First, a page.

Welcome to our weekly aviation business briefing for the week beginning Monday 16 October 2017.
Air Berlin confirmed last week that it is to suspend operations from Saturday 28 October 2017. The airline has already suspended long-haul operations. Its frequent flyer programme TopBonus, which operated as a separate legal entity, had also closed. Flights operated by NIKI will continue. easyJet announced late on Friday afternoon that negotiations are still underway for it to acquire a substantial part of Air Berlin’s operation at Berlin Tegel airport. Lufthansa is due to acquire a substantial number of Air Berlin aircraft and its subsidiaries Niki and LG Walter. It is now something of a given that the Air Berlin brand will not survive. Oneworld has yet to announce when Air Berlin will leave the alliance. For legal reasons, it may not officially leave the alliance until some time after it has suspended operations (this was the case with former member Mexicana). Continue reading “Monday Briefing: 16 October 2017”
The big story last week was of course the collapse of Monarch (Financial Times) which now joins bmi British Midland, Flyglobespan, XL Airways, and Zoom in the great airline graveyard in the sky. The Civil Aviation Authority fielded an impressive rescue to operation to bring passengers back to the UK. As of Saturday 7 October 56,000 Monarch customers have returned to the UK.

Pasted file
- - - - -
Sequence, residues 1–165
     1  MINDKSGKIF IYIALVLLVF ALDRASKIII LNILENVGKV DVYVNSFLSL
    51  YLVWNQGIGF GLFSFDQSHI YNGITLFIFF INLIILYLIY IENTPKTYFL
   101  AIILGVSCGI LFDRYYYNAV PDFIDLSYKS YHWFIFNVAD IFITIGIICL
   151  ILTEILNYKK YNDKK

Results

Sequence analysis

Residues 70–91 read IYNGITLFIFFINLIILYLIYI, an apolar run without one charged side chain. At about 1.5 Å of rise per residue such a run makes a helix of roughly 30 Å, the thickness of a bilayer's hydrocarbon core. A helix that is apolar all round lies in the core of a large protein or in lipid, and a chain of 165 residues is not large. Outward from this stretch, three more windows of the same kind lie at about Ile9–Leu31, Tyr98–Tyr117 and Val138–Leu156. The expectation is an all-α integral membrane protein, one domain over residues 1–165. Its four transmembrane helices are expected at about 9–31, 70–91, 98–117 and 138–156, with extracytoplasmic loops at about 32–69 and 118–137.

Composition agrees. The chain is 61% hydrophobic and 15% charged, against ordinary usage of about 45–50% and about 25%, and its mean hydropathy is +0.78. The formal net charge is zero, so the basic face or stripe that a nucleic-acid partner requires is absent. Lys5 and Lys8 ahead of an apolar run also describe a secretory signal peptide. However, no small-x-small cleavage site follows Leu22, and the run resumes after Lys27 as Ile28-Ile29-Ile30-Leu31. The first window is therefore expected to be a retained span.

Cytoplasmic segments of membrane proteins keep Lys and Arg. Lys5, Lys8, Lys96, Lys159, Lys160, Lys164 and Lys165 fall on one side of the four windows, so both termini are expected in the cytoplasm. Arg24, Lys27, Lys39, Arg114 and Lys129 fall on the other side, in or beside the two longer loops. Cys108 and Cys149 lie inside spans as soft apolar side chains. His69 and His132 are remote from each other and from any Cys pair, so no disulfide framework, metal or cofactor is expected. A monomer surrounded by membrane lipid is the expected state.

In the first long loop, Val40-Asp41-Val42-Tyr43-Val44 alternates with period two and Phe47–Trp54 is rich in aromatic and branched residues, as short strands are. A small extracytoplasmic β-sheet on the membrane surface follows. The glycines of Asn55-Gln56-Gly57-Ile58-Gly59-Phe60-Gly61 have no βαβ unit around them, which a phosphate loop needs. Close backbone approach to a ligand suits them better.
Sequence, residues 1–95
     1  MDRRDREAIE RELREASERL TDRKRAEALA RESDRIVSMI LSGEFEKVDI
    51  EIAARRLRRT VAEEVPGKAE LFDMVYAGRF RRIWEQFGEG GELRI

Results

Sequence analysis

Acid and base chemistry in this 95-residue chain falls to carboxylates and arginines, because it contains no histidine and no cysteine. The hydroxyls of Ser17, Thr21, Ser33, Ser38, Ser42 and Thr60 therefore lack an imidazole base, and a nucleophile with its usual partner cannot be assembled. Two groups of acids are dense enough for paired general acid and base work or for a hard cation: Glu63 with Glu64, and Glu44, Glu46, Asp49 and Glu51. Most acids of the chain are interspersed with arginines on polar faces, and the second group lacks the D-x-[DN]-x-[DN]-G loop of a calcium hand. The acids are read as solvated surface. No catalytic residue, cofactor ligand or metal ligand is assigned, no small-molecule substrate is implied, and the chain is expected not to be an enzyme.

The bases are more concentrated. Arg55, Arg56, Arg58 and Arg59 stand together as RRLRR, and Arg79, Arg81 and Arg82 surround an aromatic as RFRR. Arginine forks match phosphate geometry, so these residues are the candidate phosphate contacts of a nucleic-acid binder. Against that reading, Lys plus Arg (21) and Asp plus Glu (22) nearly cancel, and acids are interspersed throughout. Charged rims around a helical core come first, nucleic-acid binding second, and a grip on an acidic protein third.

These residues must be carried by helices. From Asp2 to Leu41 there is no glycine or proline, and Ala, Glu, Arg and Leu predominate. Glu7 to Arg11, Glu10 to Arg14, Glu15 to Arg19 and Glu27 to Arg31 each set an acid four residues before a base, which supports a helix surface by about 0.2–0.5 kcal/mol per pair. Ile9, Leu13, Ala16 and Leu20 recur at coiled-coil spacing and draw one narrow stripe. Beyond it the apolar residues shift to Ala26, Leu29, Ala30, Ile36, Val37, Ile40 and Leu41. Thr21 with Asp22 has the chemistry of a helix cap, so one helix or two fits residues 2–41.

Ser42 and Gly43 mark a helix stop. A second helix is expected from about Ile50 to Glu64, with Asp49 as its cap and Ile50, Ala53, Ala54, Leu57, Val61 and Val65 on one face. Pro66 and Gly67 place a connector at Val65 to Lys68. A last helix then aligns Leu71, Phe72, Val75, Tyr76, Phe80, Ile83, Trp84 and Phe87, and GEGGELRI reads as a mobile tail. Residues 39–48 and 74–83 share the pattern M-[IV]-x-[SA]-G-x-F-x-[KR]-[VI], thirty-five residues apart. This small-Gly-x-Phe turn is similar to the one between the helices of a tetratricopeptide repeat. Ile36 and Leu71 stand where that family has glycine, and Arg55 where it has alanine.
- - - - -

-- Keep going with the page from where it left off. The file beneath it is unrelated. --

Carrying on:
It now falls on KPMG to complete the administrative process. As no buyer could be found, it is near certain that the Monarch brand will not take to the skies again.
Here’s the first of our weekly round-up of aviation business news, published every Monday at 07:00 UK time.
A major theme in European aviation this year has been another wave of consolidation in Europe. This time it has been forced by Air Berlin, Alitalia and Monarch entering into administration procedures. easyJet, International Airlines Group, Norwegian and WizzAir have all been identified as potential buyers for Monarch’s short-haul business. However, the main value to these airlines will be its slot portfolio at London Gatwick. Full details of the Civil Aviation Authority’s plans to bring stranded passengers back to the UK are on its website.